Published: 03-05-2024 09:42 | Updated: 03-05-2024 16:38

Leprosy drug may be effective in Huntington’s disease, study suggests

A preclinical study from Karolinska Institutet offers hope for treating severe neurodegenerative diseases with an existing drug. The study suggests that the leprosy drug clofazimine may be effective in the treatment of Huntington’s disease.

Professor Oscar Fernandez Capetillo Photo: Martin Stenmark

The research group examined whether existing drugs could reduce the toxicity of so-called polyQ proteins. These proteins are found in patients with certain hereditary neurodegenerative diseases, including Huntington’s disease, for which there is no cure. 

Screening hundreds of drugs, they found that the leprosy drug clofazimine reduces the toxicity of polyQ proteins and restores mitochondrial function in zebrafish and worms. The finding supports the previous hypothesis that polyQ diseases are associated with the dysfunction of mitochondria, the organelles in charge of producing energy within cells.

“Our work not only suggests the interest of a specific drug for the treatment of polyQ neurodegenerative diseases, but also helps us to better understand what causes these diseases. It is possible to find new uses for old drugs, which reduces the time needed to find novel therapies”, says last author Oscar Fernandez-Capetillo, Professor and research group leader at the Department of Medical Biochemistry and Biophysics at Karolinska Institutet.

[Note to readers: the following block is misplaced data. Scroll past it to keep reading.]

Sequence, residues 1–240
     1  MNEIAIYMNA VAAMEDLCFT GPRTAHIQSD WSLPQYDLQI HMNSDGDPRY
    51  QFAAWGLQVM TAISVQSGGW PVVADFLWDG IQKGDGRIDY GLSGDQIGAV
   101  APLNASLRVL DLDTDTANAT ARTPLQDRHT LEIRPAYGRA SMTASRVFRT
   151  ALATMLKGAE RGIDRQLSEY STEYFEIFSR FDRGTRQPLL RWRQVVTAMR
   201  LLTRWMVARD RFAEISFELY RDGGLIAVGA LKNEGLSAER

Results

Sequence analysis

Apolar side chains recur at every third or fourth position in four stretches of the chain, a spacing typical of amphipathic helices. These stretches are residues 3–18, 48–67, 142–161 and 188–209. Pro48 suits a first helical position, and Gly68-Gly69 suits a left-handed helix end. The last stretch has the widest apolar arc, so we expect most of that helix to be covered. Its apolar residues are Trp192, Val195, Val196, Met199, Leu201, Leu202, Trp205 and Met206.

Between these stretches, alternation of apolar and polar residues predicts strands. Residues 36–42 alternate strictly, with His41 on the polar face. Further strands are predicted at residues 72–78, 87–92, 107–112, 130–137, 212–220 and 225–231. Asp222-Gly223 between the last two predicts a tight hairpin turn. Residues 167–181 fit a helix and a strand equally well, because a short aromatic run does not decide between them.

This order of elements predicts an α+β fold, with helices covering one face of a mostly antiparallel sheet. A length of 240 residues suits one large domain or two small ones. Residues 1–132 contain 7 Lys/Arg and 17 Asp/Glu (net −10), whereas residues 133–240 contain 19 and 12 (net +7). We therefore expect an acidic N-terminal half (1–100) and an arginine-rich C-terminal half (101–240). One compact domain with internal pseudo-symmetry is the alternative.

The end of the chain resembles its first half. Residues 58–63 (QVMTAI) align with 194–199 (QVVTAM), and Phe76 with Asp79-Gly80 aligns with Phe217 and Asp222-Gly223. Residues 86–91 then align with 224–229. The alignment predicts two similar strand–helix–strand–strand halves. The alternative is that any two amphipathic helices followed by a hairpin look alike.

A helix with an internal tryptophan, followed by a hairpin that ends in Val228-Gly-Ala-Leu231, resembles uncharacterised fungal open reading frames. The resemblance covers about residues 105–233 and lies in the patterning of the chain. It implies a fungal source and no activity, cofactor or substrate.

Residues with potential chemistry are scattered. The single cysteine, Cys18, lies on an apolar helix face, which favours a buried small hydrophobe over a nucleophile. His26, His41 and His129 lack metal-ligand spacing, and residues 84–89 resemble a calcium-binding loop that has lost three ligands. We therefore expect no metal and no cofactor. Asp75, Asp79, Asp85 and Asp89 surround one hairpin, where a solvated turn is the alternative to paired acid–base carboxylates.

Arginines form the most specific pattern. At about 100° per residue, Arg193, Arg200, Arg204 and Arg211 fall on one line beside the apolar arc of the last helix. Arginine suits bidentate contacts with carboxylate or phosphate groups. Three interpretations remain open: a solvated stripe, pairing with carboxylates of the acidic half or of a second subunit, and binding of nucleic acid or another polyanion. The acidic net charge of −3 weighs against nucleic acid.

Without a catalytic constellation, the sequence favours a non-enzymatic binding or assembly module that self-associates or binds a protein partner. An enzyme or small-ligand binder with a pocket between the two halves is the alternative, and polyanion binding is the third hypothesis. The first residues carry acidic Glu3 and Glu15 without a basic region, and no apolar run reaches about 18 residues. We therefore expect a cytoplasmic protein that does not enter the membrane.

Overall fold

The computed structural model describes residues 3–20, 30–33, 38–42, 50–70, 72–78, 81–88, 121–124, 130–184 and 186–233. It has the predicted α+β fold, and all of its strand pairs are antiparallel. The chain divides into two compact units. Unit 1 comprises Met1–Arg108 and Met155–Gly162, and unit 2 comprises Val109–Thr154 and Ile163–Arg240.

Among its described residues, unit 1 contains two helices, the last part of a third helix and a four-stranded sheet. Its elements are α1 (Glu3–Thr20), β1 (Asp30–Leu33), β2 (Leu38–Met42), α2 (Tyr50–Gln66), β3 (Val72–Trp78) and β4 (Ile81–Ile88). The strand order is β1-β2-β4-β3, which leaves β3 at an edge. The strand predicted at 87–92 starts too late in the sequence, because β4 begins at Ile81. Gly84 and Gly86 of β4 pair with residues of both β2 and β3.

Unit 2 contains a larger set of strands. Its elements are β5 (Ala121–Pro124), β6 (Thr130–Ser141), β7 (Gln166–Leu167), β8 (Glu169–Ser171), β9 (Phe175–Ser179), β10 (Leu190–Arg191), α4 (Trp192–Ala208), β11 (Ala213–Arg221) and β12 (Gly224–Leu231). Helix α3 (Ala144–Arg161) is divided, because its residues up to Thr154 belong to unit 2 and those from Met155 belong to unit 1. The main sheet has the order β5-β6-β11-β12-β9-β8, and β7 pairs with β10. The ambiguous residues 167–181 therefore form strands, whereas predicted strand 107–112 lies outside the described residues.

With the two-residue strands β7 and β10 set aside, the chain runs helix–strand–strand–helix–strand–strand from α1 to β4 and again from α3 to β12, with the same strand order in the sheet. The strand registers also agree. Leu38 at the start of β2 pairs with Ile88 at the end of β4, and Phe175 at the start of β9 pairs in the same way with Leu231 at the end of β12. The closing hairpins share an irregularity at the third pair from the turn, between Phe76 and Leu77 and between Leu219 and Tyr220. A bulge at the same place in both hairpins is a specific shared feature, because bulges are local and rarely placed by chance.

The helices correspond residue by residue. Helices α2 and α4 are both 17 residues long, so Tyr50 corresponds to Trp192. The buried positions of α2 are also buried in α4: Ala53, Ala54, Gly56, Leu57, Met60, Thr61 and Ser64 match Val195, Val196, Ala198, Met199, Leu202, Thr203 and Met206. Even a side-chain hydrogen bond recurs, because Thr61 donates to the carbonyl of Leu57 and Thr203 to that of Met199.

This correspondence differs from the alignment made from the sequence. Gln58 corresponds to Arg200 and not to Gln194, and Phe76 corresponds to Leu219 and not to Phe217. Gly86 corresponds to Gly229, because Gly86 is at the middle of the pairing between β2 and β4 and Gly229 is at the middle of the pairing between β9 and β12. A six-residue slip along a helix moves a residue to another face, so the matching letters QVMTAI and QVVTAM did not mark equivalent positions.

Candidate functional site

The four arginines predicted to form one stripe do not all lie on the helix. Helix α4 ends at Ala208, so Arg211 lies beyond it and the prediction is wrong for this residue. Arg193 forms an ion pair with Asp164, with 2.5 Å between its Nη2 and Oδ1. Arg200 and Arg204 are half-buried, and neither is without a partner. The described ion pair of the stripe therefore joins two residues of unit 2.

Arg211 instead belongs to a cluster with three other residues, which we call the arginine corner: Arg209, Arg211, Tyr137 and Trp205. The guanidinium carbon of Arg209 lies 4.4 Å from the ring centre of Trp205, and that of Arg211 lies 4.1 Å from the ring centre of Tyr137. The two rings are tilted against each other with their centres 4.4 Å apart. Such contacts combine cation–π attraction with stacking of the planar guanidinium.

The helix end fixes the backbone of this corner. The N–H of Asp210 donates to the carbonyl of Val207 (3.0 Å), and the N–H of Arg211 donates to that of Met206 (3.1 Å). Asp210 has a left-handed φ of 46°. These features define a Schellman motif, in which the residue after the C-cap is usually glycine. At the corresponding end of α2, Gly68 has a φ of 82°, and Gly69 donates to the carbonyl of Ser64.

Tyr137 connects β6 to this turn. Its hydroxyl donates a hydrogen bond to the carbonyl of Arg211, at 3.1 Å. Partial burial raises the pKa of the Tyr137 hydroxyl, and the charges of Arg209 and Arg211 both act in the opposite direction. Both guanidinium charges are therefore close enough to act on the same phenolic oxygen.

A problem is that clofazimine is not very efficient in entering the nervous system. The research group are now trying to figure out solutions to this limitation, by testing the efficacy of clofazimine in mammalian models of neurodegenerative disease. 

“We hope that our discovery can be developed into a new medicine, but there are still some hurdles that need to be overcome,” says Oscar Fernandez-Capetillo.

The researchers are also conducting similar drug screens in other age-related pathologies such as cancer and other neurodegenerative disorders.

The study was conducted in collaboration with the University of Cologne (Germany); Semmelweis University (Hungary); CIBERNED (Spain); CNIO (Spain).


The anti-leprosy drug clofazimine reduces polyQ toxicity through activation of PPARγ Xuexin Li, Ivó Hernandez , Seda Koyuncu , Balázs Kis, Maria Häggblad , Louise Lidemalm, Anna A. Abbas, Sramkó Bendegúz, Anikó Göblös, Lars Brautigam, Jose J. Lucas, Jordi Carreras-Puigvert, Daniela Hühn, Karolina Pircs, David Vilchez, Oscar Fernandez-Capetillo.
eBioMedicine, May 3, 2024